A woman turns her body away and protectively wraps her arm across her chest representing the bristle reaction.

You’re leaning in for a hug from your partner… and then you feel their body stiffen as they pull away from your touch. Ouch! No one likes feeling rejected by their partner, especially when you just want to cuddle. But scenarios like this are actually quite common among the clients I meet for couples counseling or sex therapy. It’s called the bristle reaction, and it can drive a wedge between couples if they don’t know how to navigate it together. In this article, we’ll explore what the bristle reaction is, why it happens, and how you can deal with the bristle reaction if it’s an issue in your relationship. 

What Is the Bristle Reaction? 

The bristle reaction, also referred to as the hair-trigger response, is a psychological and emotional response that occurs when one or both partners perceive a threat or a challenge to their emotional well-being or boundaries. They push away from their partner and seek some space, which can leave the partner who was seeking affection or sexual intimacy feeling rejected and hurt. 

This dynamic often occurs in relationships where partners have mismatched sex drives. The partner with the lower sex drive may want affection, but feel like every time they start cuddling, the higher sex drive partner tries to turn it into more. They may begin to avoid situations that have the potential to lead to sex. Now every time the other partner leans in for a hug or a kiss, the lower sex drive partner may squirm away not wanting to be touched

This just feels confusing and hurtful for the partner who was making a bid for affection or sex. They may begin to wonder if their lower sex drive partner even likes them anymore. Meanwhile, the lower sex drive partner feels pressured, which triggers them to avoid physical intimacy even more. Over time, tension, conflict, and resentment can build up around intimate moments, which needless to say does not improve their sex life. 

The bristle reaction causes problems in relationships for a few reasons. 

  1. Communication breakdown — One partner feels defensive, the other may feel confrontational. Gridlock ensues. 
  2. Erosion of trust — The partner who doesn’t want sex feels like they can’t trust that their partner will be happy with just cuddling, so they begin to avoid physical contact altogether. The higher sex drive partner can start to lose trust that they’re desired or valued in the relationship. 
  3. Emotional disconnection — Partners may fail to see each other’s points of view, and they may stop trying to talk about their challenges around physical intimacy. This can lead them to feel emotionally disconnected from each other.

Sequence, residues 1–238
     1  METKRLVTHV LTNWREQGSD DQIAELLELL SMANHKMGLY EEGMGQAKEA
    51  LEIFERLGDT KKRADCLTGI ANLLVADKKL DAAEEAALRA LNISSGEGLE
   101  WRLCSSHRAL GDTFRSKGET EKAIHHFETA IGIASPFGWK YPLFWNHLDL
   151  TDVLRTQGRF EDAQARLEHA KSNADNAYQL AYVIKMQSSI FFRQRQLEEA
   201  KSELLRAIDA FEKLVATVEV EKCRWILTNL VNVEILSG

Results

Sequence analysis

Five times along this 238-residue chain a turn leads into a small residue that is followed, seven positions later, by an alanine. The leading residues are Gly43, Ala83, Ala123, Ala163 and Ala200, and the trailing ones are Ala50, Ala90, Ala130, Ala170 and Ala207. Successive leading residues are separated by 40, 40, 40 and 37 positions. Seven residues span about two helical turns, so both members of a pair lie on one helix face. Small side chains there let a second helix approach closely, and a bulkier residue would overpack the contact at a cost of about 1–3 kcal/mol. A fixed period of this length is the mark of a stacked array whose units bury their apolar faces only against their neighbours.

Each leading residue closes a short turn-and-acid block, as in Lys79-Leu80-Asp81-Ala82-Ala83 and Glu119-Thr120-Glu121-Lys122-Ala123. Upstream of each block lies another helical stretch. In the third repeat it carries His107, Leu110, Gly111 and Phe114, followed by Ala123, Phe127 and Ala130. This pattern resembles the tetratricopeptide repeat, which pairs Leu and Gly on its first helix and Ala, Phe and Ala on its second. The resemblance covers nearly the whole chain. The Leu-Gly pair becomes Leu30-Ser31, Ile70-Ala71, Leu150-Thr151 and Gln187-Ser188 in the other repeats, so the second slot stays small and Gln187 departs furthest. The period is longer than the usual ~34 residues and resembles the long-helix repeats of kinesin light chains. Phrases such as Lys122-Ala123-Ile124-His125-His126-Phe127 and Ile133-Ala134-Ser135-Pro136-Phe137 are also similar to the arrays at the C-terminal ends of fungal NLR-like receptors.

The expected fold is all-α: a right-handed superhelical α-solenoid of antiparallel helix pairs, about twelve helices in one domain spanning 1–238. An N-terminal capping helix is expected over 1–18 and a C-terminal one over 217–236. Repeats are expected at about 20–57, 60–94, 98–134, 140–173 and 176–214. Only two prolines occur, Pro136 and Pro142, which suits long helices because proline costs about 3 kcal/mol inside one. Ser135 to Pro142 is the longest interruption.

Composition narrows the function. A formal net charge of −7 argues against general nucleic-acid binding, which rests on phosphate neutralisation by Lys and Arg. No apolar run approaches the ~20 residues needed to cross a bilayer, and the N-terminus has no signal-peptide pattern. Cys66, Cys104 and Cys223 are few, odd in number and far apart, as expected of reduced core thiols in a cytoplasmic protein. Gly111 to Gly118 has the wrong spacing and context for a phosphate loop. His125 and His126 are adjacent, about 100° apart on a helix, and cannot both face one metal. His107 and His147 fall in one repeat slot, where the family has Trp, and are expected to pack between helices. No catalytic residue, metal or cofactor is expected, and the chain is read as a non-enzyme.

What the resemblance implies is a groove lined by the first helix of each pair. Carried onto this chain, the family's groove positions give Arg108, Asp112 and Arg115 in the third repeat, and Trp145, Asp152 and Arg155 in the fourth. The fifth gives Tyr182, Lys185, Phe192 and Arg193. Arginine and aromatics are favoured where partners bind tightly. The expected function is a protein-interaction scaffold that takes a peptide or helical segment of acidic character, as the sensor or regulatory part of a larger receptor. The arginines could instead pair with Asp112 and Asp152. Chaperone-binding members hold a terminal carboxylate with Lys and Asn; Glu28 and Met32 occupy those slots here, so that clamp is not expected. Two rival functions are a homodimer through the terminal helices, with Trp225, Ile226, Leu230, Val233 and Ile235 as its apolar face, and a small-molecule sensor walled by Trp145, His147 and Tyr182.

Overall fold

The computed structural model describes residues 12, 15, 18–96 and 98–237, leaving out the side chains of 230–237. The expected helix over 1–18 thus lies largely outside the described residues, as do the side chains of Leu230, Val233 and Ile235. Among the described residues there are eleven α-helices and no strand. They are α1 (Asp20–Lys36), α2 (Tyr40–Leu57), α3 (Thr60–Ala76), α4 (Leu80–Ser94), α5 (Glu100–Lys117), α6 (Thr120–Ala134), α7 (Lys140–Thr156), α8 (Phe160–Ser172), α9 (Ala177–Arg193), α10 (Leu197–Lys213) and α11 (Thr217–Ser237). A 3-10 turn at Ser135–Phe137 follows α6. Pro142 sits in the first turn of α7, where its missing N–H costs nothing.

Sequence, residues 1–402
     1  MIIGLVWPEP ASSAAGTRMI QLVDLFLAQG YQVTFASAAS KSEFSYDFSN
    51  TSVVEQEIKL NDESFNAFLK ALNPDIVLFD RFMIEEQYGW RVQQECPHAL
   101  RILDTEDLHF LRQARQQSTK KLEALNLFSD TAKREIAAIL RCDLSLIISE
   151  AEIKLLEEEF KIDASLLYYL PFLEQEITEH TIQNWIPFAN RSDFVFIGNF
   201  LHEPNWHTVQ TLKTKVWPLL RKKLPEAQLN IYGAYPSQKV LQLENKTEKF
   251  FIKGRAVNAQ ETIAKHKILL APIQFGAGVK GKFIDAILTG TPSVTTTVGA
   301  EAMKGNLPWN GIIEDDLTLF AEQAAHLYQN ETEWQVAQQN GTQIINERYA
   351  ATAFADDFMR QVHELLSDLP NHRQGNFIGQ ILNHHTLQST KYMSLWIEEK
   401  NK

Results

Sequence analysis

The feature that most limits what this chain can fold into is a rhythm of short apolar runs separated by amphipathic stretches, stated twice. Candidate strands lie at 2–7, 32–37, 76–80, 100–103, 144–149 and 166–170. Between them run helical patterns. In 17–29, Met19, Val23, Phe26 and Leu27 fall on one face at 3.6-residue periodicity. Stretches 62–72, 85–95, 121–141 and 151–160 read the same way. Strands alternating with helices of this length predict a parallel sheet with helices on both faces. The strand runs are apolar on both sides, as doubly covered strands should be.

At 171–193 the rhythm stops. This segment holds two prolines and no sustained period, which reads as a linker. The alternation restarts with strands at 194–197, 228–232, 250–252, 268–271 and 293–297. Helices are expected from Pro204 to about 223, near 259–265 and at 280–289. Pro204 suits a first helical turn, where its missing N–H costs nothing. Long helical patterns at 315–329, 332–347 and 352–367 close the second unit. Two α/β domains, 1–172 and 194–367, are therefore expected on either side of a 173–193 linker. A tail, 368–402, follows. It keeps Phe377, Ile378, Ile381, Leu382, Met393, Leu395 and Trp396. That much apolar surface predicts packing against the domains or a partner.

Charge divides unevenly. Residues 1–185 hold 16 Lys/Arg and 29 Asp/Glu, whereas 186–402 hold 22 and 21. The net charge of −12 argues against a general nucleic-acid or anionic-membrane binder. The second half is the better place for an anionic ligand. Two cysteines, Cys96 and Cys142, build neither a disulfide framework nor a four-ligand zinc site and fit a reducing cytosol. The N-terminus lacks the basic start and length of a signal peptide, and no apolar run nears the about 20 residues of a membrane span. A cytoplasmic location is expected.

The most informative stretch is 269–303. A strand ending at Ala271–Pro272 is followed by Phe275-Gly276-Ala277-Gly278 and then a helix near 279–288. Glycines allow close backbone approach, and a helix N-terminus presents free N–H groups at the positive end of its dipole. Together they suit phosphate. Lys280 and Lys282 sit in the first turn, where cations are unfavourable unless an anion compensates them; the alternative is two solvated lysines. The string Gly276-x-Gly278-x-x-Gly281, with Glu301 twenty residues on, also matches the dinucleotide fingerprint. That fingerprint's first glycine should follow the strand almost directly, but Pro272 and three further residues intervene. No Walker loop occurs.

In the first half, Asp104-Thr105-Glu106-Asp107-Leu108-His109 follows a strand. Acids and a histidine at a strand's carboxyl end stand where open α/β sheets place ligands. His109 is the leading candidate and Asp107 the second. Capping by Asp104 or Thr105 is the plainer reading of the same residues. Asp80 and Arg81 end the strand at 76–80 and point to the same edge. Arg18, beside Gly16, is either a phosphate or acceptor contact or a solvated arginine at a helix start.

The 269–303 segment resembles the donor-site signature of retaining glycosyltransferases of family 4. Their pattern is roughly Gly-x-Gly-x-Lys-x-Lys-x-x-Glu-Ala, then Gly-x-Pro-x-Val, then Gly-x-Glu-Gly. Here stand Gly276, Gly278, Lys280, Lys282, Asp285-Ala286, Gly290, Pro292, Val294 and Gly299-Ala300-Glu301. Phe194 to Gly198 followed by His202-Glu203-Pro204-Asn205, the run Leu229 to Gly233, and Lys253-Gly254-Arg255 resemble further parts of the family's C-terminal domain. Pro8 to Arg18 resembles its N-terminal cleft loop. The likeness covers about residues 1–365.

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How to Avoid the Bristle Reaction in Your Relationship

So, what can you do if the bristle reaction is taking a toll on your relationship? 

First, build your self-awareness. Both partners must be attuned to their own emotional triggers that may contribute to feelings of defensiveness. Before reacting to your partner, by pushing them away or by getting upset about feeling rejected, take a moment to check in with your feelings and where they’re coming from. This can help you self-soothe so that you can respond with intention, rather than reacting to your partner in a knee-jerk way. 

Next, communicate openly about what’s happening. Encourage your partner to share about their feelings and needs while using active listening skills to try to understand them without defensiveness. Having empathy for each other helps keep your emotional connection strong through periods of low sexual intimacy

It can also be helpful to prioritize playfulness and fun in your relationship. Date each other again, spend quality time together, and make space for intentional, connecting conversations. This keeps your relationship positive and enjoyable, and it may even breathe some life into your sexual connection. 

Couples struggling with the bristle reaction should also make space for lots of non-sexual physical touch in their relationships. This helps the partner with a lower sex drive regain the trust that a hug can simply be a hug and that cuddling on the couch doesn’t have to lead to more — unless they’re feeling up for it. As a bonus, reducing the tension and seriousness around sex can lead to an uptick in sexual desire. 

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Finally, seek help from a relationship expert who specializes in sex therapy. Working with a good sex therapist can help you both understand each other from a new perspective, meet each other’s needs, deepen your emotional connection, and navigate mismatched sex drives while keeping your connection strong. 

Support for Emotional and Sexual Intimacy

I hope this article helped you understand the bristle reaction and how to manage it in your relationship. With empathy, communication, and intention, you can overcome the bristle reaction and help each other feel loved and cared for. 

If you would like my support improving sexual and emotional intimacy in your relationship, I invite you to schedule a free consultation.   


Dori B., M.S., S.A.S., M.A.C.A.

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